NEW BRI­TAIN MARKS ‘AR­MISTICE AT 100’

Hartford Courant - - Connecticut - City joins with vet­er­ans groups to honor those who served in World War I By Don Sta­com dsta­com@courant.com

NEW BRI­TAIN – When Cpl. J. Robert Con­roy re­turned to New Bri­tain at the end of World War I, he had two mis­sions: Help­ing sol­diers who had suf­fered, and spread­ing the word of Stubby, the dog that saved Amer­i­can troops and French civil­ians.

“My grand­fa­ther never spoke about him­self in the war, never. But he made it clear the war was hor­rific, and that he never would have made it through with­out Stubby,” said Curt Deane, his grand­son.

Like sev­eral mil­lion Amer­i­cans who fought in The Great War, Con­roy came back to re­sume civil­ian life — in his case, that meant a ca­reer with the FBI. But more than 116,000 lost their lives, in­clud­ing 123 from New Bri­tain.

This week­end, the city will join with vet­er­ans groups to honor those who served — and es­pe­cially those who didn’t re­turn. Sun­day is pre­cisely 100 years since the war ended with the sign­ing of the Ar­mistice, and the city is host­ing cer­e­monies and gath­er­ings with an “Ar­mistice at 100” theme.

“To me, this week­end’s re­mem­brance is about our city, about its cit­i­zens and vet­er­ans, its schools and in­dus­try, and the cul­tures — all of whom are rep­re­sented in some way by our mon­u­ment to this war,” said Thomas Hig­gins Jr., pres­i­dent of the New Bri­tain Vet­er­ans Coun­cil.

“New Bri­tain re­mem­bers and honors her vet­er­ans,” said Den­nis Tar­i­cani, com­man­der of the Hard­ware City chap­ter of the DAV. “Ar­mistice Day, which is now Vet­er­ans Day, started 100 years ago – the end of The Great War, the war to end all wars.”

The city and vet­er­ans are host­ing a ser­vice Sun­day at 10:30 a.m. at the WWI me­mo­rial at Wal­nut Hill Park.

Vet­er­ans will ring bells for the 123 New Bri­tain sol­diers and sailors who died in the war. Mayor Erin Ste­wart, Brig. Gen­eral Ralph He­den­berg III of the Con­necti­cut Na­tional Guard, and lo­cal vet­er­ans com­mis­sion mem­ber John Buck­ley.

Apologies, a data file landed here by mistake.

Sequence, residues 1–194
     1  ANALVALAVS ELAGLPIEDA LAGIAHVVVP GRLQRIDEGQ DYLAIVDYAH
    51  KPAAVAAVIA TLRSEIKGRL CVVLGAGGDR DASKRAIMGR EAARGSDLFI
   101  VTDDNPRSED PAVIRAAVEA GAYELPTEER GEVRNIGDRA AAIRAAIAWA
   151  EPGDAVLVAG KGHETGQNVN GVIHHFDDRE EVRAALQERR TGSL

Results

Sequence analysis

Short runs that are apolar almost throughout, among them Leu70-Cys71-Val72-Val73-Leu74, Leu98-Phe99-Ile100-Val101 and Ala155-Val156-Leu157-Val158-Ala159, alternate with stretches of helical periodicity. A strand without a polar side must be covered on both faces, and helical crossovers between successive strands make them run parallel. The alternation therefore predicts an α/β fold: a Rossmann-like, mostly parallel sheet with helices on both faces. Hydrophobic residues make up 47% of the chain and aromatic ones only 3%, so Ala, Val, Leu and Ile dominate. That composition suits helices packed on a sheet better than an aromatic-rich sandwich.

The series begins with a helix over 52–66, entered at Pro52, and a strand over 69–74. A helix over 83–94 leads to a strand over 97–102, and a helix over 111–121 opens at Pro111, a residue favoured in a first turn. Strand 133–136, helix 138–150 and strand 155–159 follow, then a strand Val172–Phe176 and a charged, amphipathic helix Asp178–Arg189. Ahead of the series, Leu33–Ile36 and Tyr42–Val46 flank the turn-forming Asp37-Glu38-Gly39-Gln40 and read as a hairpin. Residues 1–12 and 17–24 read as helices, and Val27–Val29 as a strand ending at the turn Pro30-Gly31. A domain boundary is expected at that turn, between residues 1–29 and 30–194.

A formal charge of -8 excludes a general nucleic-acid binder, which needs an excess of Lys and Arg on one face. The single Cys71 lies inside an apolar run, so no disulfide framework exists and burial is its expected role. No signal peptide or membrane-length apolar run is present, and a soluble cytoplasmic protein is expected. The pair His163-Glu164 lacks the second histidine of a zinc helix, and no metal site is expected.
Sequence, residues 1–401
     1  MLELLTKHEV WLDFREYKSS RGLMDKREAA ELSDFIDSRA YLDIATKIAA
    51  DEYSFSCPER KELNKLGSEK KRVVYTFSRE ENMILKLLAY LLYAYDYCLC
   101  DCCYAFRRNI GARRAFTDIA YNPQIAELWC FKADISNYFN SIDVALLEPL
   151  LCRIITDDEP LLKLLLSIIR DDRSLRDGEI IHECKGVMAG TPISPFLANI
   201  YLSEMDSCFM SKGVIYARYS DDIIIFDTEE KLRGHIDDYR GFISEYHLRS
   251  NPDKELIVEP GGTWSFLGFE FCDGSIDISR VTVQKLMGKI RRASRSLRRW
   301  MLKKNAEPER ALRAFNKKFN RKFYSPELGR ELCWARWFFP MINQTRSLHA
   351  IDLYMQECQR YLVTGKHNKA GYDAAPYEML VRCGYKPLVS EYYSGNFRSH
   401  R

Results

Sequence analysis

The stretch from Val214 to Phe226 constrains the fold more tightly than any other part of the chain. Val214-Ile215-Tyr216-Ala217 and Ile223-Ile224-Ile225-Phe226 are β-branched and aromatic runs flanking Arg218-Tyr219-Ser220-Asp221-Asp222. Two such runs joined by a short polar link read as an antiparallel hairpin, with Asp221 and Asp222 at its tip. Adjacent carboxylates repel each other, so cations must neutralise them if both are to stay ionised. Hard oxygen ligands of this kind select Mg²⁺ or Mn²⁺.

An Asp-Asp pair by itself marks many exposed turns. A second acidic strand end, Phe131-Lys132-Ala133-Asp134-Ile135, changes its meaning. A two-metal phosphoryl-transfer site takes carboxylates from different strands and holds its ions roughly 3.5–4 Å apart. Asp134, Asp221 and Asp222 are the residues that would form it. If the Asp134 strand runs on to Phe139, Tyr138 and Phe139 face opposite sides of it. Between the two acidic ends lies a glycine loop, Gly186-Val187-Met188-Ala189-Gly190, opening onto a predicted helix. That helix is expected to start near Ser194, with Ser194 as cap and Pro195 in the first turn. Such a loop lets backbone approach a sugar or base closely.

Seven l ocal vet­er­ans or­ga­ni­za­tions will place wreaths and the New Bri­tain High School’s band will play Taps.

On Satur­day, the vet­er­ans coun­cil will hold a mil­i­tary-style dress ball and re­mem­brance din­ner at 5:30 p.m. at VFW Post 511. Af­ter Sun­day’s cer­e­mony, Elks Lodge 957 will host a lun­cheon.

De­scen­dants of sev­eral New Bri­tain WWI vet­er­ans will be at­tend­ing the week­end ac­tiv­i­ties, some com­ing from out of state, Hig­gins said. Deane plans to be among them, he said.

Deane works to keep alive the mem­ory of Stubby, a stray puppy in New Haven who be­came fa­mous as the na­tion’s first war dog.

Con­roy adopted Stubby dur­ing mil­i­tary train­ing in New Haven, and brought the dog along when the 102nd In­fantry Reg­i­ment was sent over­seas.

Stubby has be­come the sub­ject of books and a movie for his role as the 102nd’s mas­cot. Vet­er­ans of the time cred­ited him with bark­ing to alert the unit when en­emy shelling be­gan or just as poi­son gas was be­ing de­ployed. Sol­diers in Con­roy’s unit came to rely on Stubby, and he be­came a ca­nine celebrity af­ter the war.

“Stubby spent a tremen­dous amount of time in the trenches, and he was wounded. When my grand­fa­ther talked about the war, it was al­ways through the eyes of the dog — he kept telling me about all the things Stubby did for his unit,” Deane said. “He was the first ther­apy dog. My grand­fa­ther said the guys would look for­ward to hold­ing him, talk­ing to him, pet­ting him.”

Con­roy even­tu­ally set­tled in Florida and, af­ter his ca­reer, cre­ated the Carry On Club, a so­cial and sup­port group for vet­er­ans of the 102nd. Deane said his grand­fa­ther pressed for Viet­nam War vet­er­ans to re­ceive the sort of home­com­ing and fol­low-up care that WWI vet­er­ans didn’t get.

“He didn’t want Viet­nam vet­er­ans to suf­fer t he in­dig­ni­ties. Some of the World War 1 vet­er­ans came back with shell shock — be­fore it was called PTSD — and peo­ple just didn’t un­der­stand it,” Deane said. “It was very hard for them to get em­ploy­ment.”

PA­TRICK RAYCRAFT/HARTFORD COURANT

Curt Deane, of Lyme, is the grand­son of Cpl. J. Robert Con­roy. Con­roy, who grew up in New Bri­tain, served in the 124th In­fantry in the U.S. Army in World War I. Con­roy gained no­to­ri­ety as the han­dler of Sgt. Stubby. The dog has been called the most dec­o­rated ca­nine of the war while serv­ing as an Army mas­cot in the trenches in France.

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